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Government climbdown on binge drinking measures

Published:  19 October, 2009

By Shirley Kumar

The government has quietly dropped proposals to give local councils "discretionary" powers to shut down bars in areas blighted by binge drinking.  


The government has quietly dropped proposals to give local councils "discretionary" powers to shut down bars in areas blighted by binge drinking. 

The Home Office confirmed it had given in to opposition from the drinks industry and ditched the so-called blanket banning orders.

Other proposals set to be dropped include giving councils the powers to ban happy hours. Pubs would be unable to serve alcohol in glass containers during peak times and all licensees would have to operate a scheme that will ensure drinkers must be over the age of 21 to drink on their premises or to buy alcohol. Retailers, under the proposal, would be unable to offer bulk discounts during "stipulated times."

But the Home Office said the Mandatory Code would still go ahead. It is set to include a nine-point mandatory element applicable to the on-and-off-trade but the content still remains unclear.

A Home Office spokeswoman said: "We are listening and responding to the strong concerns from the licensed trade who are concerned about responsible premises being caught up with the less responsible ones. 

"The locally applied conditions in the Mandatory Code will be replaced by new, tougher powers for local councillors and licensing officers making it quicker and easier for them to tackle problem premises by calling for a review to restrict or remove their licence without having to wait for the police or local residents to complain"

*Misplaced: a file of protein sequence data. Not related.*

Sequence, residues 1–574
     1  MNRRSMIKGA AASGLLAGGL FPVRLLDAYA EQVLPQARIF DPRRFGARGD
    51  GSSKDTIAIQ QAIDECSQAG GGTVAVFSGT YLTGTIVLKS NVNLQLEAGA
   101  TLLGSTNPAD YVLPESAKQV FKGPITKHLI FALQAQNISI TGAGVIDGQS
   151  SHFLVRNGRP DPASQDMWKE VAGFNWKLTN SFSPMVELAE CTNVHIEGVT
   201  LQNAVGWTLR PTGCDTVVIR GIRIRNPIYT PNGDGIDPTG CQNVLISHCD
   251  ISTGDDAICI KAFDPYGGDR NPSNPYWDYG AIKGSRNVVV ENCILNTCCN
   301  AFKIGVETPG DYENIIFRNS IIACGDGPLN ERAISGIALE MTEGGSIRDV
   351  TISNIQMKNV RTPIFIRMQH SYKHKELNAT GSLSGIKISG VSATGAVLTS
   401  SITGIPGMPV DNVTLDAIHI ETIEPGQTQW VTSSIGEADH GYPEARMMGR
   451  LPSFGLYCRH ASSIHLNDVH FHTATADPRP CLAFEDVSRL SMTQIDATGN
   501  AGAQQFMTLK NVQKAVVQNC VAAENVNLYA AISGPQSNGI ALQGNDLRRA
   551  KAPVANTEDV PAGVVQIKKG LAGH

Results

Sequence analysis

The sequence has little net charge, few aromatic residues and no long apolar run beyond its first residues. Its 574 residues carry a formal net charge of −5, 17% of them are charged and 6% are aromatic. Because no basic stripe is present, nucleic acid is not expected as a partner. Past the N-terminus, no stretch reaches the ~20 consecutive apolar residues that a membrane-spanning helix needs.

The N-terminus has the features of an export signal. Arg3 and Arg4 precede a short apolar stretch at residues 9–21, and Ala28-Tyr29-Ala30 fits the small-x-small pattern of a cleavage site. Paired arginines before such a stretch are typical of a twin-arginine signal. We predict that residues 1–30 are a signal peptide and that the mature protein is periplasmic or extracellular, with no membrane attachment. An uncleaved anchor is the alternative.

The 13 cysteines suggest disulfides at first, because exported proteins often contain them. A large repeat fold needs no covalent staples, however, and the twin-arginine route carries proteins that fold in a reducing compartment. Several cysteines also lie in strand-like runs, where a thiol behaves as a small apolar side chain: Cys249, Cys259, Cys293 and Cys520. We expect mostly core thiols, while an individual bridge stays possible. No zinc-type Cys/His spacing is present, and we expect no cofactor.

Councillor Chris White, chair of the Local Government
Association's culture, sport and tourism board, said: "There is no doubt that
councils with city centres blighted by drunks picking fights or people being
taken ill on the streets need to be able to act against premises selling
alcohol in irresponsible ways.

"Councils have been arguing for more powers that they can
use to tackle problems with alcohol locally but applying 'discretionary powers'
would have been too difficult for them to implement.

"We welcome giving councils and MPs the power to instigate reviews
as and when they see fit."

Drink trade bodies the British Beer and Pub Association and the Wine and Spirit Trade Association have criticised the mandatory code but welcome the removal of the discretionary powers.

A spokesman for the WSTA said: "We've always warned that the
mandatory code threatened to add an unnecessary raft of rules and regulations,
a view shared by police and local enforcement agencies during consultation, so
we would welcome any move by government that responds to those concerns and
focuses action on problem drinkers and premises, not the responsible majority."

The Bill will be debated in the House of Lords on Tuesday
October 20 and is expected to be implemented in early 2010.